Since antiquity, people have protected their feet with the use of footwear. Not only are shoes used to protect, they also make a statement, whether of fashion or status.
During Regency England, those who could afford it had their shoes made by a cobbler. Of course styles changed from round toe to pointy toe with the times. These changes are most evident in women’s slippers, where different fabrics, colored leathers, and fancy embellishments were added for flare.
The most amazing aspect of ladies shoes at this time was how completely unsuitable most styles were for outdoors, which is why boots were often worn when outside or spending time in the country. In inclement weather, ladies often wore pattens. Pattens were a type of overshoe with a wooden soled sandal on the bottom and fastened to the shoe by an iron ring. Women slipped their shoes into the pattens, which then raised their height, so their skirts wouldn’t touch the muddy roads.
Early Regency saw a collection of heeled slippers, but after the French Revolution heels began to disappear, symbolizing that everyone was born equal.
Shoes were made to fit, but they had straight lasts, meaning the shoe would mold to your foot with more wear, and thus create a left and right shoe over time.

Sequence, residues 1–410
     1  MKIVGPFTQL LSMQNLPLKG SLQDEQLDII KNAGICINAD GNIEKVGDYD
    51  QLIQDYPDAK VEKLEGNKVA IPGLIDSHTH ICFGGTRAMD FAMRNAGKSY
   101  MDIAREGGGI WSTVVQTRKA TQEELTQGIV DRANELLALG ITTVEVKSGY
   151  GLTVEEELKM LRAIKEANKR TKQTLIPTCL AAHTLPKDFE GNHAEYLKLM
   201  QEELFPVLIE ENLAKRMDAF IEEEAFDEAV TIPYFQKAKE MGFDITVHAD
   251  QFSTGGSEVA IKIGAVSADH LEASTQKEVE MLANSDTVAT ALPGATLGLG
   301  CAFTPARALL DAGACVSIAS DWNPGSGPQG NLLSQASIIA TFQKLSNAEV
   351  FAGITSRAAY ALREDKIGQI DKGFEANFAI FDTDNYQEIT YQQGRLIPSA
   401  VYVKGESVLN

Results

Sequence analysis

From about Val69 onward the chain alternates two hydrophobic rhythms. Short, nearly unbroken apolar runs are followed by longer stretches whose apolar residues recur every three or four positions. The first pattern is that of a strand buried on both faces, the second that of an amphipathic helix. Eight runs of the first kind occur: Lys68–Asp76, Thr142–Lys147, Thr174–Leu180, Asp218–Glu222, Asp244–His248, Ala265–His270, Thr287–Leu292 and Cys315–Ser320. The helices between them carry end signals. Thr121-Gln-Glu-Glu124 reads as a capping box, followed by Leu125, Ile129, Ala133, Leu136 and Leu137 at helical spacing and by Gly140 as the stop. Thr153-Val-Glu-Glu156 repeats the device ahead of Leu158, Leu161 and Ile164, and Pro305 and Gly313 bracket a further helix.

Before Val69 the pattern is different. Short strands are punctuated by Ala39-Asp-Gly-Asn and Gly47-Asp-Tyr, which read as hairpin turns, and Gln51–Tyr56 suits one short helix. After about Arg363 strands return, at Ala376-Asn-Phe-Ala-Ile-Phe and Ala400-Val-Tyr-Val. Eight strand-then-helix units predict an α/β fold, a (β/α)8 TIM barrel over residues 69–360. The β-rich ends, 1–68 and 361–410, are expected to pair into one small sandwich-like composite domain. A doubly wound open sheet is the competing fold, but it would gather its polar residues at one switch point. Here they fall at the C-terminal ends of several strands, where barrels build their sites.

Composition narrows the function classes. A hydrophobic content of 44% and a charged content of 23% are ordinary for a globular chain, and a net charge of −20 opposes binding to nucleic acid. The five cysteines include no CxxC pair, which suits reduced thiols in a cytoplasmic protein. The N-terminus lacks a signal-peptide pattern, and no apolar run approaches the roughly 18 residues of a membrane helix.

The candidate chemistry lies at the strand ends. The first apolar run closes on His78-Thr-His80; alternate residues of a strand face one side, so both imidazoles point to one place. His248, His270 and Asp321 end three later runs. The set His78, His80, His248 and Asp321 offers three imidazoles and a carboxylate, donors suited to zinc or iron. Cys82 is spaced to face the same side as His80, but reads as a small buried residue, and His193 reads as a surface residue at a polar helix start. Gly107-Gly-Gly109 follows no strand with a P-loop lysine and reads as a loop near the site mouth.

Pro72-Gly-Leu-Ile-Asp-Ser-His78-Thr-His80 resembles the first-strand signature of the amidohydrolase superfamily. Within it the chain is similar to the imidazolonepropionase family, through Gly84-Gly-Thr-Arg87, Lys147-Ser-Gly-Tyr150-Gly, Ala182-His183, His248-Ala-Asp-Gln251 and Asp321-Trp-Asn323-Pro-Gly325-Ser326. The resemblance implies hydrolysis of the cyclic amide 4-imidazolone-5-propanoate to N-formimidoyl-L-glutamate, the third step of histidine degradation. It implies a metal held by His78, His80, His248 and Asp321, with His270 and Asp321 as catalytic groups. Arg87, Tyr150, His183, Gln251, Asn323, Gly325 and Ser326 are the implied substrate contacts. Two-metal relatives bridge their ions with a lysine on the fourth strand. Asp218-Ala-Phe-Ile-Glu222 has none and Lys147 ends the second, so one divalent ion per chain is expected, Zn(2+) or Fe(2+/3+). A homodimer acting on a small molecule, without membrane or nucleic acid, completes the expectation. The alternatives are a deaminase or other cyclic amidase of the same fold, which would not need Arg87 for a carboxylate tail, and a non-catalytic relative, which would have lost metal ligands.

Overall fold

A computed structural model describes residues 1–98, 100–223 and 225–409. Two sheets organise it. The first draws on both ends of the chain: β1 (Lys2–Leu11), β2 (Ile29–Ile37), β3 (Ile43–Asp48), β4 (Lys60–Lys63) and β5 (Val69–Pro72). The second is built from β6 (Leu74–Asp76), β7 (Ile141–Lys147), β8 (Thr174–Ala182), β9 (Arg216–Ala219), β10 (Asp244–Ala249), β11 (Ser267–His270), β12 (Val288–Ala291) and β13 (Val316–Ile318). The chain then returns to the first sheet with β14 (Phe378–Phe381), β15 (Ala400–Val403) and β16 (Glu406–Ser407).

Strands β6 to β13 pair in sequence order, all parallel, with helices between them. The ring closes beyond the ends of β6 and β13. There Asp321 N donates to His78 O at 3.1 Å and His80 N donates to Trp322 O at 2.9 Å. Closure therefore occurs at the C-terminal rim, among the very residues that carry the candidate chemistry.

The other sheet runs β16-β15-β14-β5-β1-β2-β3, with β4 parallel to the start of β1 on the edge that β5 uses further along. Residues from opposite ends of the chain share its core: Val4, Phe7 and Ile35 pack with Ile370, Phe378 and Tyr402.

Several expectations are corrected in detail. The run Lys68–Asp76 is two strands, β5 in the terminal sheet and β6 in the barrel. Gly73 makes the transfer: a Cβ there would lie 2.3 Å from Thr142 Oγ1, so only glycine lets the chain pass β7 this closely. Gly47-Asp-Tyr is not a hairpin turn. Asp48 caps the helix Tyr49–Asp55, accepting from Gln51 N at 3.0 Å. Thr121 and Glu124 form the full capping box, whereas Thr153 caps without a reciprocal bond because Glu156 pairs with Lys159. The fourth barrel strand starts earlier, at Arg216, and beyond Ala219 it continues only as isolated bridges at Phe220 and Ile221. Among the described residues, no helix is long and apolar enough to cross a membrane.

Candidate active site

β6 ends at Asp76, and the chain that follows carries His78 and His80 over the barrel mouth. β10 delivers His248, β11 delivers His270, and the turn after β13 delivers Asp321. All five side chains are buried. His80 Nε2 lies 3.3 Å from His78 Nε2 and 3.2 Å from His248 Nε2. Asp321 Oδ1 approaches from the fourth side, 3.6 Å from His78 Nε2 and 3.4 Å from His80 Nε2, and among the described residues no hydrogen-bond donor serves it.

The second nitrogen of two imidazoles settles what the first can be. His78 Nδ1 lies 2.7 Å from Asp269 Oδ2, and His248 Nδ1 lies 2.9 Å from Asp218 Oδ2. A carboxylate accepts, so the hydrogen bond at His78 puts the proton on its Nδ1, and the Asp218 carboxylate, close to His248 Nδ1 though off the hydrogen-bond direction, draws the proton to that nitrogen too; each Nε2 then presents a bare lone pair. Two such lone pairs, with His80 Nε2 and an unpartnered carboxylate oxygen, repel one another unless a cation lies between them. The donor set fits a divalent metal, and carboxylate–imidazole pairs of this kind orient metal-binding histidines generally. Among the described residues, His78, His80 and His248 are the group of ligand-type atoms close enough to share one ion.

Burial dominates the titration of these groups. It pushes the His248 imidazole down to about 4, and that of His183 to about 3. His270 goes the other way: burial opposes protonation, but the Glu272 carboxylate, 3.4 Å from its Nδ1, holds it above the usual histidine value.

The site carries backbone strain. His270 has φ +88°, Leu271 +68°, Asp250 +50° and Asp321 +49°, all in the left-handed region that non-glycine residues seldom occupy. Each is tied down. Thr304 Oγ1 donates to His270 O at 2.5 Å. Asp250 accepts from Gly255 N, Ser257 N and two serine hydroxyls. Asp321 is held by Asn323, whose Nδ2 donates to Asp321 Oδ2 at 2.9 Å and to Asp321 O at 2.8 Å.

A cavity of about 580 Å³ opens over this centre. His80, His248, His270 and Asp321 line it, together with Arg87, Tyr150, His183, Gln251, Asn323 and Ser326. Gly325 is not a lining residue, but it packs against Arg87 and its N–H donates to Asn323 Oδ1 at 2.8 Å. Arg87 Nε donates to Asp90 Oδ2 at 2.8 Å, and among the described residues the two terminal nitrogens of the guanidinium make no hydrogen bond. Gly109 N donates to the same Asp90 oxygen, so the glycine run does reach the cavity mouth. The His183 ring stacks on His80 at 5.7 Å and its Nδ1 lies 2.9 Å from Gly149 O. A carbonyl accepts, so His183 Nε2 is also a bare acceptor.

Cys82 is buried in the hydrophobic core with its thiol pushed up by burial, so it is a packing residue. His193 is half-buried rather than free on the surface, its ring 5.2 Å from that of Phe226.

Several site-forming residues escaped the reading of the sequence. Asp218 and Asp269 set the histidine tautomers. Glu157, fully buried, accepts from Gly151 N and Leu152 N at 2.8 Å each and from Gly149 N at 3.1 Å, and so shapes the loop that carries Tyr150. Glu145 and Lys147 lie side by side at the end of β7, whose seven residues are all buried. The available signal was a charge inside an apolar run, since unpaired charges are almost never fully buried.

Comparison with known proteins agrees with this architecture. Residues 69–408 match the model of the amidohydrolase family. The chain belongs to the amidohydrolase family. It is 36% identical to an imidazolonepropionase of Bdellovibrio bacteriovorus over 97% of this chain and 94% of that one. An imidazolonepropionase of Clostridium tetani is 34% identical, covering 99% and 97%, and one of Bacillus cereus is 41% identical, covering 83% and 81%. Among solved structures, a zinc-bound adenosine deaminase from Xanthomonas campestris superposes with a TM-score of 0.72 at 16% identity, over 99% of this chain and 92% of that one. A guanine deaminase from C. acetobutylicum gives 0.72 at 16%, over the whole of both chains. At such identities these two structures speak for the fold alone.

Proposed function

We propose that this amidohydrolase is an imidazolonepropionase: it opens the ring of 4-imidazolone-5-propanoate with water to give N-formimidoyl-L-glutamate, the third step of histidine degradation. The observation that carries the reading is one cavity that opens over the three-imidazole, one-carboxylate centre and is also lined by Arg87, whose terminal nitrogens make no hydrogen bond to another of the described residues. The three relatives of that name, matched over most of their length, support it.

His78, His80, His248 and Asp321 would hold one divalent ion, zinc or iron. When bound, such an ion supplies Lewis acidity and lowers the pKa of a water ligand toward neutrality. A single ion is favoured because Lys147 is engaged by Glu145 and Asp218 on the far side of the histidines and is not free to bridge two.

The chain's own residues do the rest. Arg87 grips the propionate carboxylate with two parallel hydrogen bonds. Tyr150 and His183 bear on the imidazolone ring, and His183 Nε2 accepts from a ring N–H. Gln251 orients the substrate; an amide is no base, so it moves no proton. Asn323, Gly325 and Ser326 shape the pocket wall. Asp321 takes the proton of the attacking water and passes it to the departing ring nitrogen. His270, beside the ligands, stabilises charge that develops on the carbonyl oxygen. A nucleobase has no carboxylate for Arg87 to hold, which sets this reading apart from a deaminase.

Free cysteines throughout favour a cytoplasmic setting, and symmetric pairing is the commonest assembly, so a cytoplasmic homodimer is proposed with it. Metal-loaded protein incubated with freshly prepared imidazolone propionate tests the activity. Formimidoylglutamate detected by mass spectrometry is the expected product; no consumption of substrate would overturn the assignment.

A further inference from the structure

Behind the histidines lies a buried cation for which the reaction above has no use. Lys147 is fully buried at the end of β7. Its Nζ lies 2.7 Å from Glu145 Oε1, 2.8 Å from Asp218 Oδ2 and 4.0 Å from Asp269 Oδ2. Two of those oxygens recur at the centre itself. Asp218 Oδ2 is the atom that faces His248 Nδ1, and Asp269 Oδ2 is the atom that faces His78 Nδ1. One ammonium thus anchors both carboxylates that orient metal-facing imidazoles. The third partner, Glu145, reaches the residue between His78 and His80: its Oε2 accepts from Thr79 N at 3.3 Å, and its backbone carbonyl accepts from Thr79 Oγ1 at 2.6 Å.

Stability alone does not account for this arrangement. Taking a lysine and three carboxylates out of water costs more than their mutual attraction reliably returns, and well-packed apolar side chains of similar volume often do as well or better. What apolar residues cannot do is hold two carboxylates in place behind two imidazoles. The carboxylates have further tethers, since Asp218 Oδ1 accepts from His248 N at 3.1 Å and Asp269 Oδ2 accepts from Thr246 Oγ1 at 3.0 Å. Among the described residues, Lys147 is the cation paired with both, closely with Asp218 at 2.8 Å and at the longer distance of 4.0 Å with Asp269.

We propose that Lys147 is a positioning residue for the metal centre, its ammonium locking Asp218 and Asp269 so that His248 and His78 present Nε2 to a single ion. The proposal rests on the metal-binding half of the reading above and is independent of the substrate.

The half boot became favorable for outdoors. These flat-soled boots could be worn for various occasions. They were more durable than slippers, but they were often made from goat leather, nankeen, and denim-like fabrics, which tended to absorb water. The lace up half boots were popular, nevertheless, the leather was thin and easily damaged by the elements.
For the most part, men’s shoes during this time consisted of a black leather shoes with a small heel and buckle. Men often wore riding boots, which were available in calf or knee length. Hessians were quite popular with the privileged class.
The poor and labor classes were likely to wear wooden clogs. Some wore thick leather shoes with wooden soles.
A special thank you to englishhistoryauthors.com, Janeaustensworld.com, Jane Austen’s England, by Roy and Lesley Adkins